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A new study published in the Journal of Affective Disorders has revealed that eating mushrooms could lower the risk of depression. Sampling data from more than 24,000 adults in the US, between 2005 and 2016, researchers from Penn State University gleaned the findings from diet analysis, with a specific focus on the frequency of mushroom intake. Connecting a reduction in anxiety to the many bioactive compounds found in fungi, the study concluded a lower risk of depression in those that regularly include mushrooms in their diets.
The highest dietary source of ergothioneine, an anti-inflammatory amino acid that is not synthesised inside the human body, mushrooms, when eaten regularly, have been shown to potentially reduce the symptoms of depression. Though a definite correlation was observed between mushroom consumption and depression rates it should be noted that no tangible benefit was determined with regards to excessively high fungi intake.
With preliminary findings reported, the research team continued on to question whether replacing red or processed meat with a mushroom alternative could yield further positive results. It did not reveal any discernible connection and the substitution was considered non-essential. However, with an increasing number of fermented mycelium and fungi-based meats being brought to market, this could be revisited in the future.
Limitations of the study
The Penn State research team noted a number of variables that may have affected the outcome of the study and that should be addressed in future projects. The varieties of mushrooms consumed would be a particular focal point, as no data was available here. Looking for a definitive connection between certain varieties of fungi and depression alleviation would allow for diagnostically-driven consumption as opposed to prolific ingestion that could yield no benefit.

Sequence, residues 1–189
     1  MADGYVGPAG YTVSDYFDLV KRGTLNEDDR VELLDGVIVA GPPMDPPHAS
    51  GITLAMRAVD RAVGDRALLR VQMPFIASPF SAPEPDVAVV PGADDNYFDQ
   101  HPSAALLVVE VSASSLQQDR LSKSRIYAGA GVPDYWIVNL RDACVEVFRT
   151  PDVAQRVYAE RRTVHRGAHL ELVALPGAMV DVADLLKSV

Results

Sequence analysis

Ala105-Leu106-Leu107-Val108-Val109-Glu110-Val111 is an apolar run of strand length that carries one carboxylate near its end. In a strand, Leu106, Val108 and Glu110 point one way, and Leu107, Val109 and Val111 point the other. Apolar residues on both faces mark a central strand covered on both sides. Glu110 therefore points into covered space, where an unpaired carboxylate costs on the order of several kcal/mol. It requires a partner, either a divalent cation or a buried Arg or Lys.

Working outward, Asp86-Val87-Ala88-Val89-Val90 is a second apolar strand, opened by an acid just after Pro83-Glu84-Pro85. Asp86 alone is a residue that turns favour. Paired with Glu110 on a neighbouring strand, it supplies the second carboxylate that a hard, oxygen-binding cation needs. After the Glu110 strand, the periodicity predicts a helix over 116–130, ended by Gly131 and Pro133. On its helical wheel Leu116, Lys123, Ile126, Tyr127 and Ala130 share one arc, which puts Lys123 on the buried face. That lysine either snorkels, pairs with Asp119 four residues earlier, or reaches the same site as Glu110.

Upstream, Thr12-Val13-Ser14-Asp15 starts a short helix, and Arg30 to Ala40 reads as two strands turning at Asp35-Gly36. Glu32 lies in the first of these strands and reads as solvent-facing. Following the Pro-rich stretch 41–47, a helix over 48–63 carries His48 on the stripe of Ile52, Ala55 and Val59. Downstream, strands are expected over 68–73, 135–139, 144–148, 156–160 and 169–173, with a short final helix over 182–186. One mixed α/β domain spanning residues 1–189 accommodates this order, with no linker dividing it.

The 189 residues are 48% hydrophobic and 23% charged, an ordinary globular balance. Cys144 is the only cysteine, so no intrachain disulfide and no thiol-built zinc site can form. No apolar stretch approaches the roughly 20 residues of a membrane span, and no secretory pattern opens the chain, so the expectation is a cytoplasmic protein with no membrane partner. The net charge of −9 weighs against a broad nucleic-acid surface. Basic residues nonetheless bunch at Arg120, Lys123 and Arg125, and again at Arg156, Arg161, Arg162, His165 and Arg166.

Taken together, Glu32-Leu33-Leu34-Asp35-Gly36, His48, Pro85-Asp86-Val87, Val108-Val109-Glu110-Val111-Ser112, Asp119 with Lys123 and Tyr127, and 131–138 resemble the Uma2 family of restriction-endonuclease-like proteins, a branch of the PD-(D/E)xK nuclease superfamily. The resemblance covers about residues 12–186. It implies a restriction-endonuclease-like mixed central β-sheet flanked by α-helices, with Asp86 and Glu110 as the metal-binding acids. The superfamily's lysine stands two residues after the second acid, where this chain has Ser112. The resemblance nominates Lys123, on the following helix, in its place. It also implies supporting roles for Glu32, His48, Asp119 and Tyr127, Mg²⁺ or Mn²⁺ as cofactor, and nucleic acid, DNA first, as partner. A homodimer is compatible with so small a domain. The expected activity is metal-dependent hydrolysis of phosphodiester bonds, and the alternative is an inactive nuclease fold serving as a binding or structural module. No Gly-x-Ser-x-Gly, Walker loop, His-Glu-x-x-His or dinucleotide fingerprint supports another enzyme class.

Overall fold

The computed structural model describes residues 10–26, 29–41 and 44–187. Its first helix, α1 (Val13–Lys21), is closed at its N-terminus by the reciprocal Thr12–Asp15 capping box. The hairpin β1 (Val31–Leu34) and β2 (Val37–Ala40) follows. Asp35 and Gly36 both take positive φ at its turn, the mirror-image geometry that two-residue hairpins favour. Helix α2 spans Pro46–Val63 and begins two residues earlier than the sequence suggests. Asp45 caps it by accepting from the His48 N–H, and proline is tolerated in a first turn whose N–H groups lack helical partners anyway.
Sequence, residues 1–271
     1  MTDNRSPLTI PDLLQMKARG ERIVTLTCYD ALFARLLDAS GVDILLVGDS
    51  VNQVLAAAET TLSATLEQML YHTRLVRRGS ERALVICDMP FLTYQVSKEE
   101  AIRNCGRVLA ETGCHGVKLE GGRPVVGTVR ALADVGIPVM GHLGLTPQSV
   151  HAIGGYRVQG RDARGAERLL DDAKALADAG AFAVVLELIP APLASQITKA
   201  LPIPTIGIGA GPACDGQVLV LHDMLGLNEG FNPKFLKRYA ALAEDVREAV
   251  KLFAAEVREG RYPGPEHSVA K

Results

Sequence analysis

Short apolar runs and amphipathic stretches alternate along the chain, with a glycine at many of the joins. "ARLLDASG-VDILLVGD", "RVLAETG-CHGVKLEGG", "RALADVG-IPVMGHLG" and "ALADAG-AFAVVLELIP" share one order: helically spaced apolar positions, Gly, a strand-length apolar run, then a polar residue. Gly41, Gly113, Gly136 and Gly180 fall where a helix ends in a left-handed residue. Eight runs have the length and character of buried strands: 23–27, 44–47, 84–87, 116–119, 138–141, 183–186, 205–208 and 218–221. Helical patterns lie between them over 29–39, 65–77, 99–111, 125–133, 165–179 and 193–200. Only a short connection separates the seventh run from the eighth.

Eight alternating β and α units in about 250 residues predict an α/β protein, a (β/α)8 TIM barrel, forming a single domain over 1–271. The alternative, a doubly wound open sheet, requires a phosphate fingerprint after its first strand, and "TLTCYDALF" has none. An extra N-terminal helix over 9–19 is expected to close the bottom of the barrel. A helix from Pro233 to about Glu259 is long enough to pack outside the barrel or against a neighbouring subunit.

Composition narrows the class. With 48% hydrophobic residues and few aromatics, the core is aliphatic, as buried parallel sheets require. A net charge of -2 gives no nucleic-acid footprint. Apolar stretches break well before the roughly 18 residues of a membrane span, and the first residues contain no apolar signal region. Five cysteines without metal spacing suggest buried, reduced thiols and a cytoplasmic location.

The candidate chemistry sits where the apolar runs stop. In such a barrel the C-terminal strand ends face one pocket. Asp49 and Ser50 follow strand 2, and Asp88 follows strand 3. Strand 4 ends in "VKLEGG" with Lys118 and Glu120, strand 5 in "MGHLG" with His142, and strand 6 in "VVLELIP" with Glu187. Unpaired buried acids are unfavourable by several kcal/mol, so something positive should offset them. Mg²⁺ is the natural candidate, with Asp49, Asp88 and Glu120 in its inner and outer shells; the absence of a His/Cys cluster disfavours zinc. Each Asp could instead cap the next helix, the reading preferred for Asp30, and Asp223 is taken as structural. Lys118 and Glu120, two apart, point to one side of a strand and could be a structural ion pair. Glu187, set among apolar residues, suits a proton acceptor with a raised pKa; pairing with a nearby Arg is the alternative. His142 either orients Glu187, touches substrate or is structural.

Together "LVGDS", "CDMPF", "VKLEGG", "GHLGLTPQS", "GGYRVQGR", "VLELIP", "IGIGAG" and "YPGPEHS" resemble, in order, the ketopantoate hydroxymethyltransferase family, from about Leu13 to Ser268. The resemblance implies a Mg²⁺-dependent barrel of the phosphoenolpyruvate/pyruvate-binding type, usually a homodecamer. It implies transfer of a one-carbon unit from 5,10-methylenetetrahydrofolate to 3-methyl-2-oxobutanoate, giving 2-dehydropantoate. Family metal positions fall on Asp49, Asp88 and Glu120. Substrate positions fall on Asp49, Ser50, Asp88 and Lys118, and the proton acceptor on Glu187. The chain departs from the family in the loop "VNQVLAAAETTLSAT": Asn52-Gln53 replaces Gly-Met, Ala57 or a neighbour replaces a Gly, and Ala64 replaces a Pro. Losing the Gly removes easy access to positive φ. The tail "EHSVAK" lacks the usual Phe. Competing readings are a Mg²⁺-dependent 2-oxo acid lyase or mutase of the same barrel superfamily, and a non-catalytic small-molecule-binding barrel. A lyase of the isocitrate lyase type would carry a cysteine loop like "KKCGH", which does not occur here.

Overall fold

There was also a notable demographic disparity, with 66 percent of all participants being non-Hispanic, white, and aged around 45. Though existing conditions, medications, risk factors, and socio-demographics were accounted for, a broader spectrum of participants could offer more valuable insights in the future.
Despite having room for improvement, the study represents a significant step forward in terms of adding clinical authority to notions of diet affecting mental health. It has long been assumed that the brain and gastrointestinal tract are closely connected, but now there could be a quantifiable reason. If bioactive compounds and anti-inflammatory bacteria found in fungi can be directly linked to lower depression rates, a shift in treatments and diagnoses would have to follow suit.
Previous research using mushrooms has been limited to groups with fewer than 100 participants, offering little in the way of focussed data, but there are findings to build on here.
The link between effective nutrition and good mental health is not new, with numerous studies attempting to add scientific data to the assumption that one precludes the other. Focussing on mushrooms is particularly interesting, however, as fungi are being used throughout food tech in increasingly innovative ways. This means that once specific mood-improving mushrooms are identified, diets can be adapted to include more of them. Animal-free protein producers could also, potentially, use the data to create new product lines that cater to mental health improvement.
This is not the first study to reveal a positive correlation between mushrooms and personal health, however. Earlier in May, research also conducted by Penn State University researchers, found a link between eating mushrooms and a lower risk of cancer.
A number of alt protein startups are exploring mushrooms as an alternative for animal meat including Libre Foods, Fable Food Co and Kinoko Labs.
Lead image courtesy of Pexels.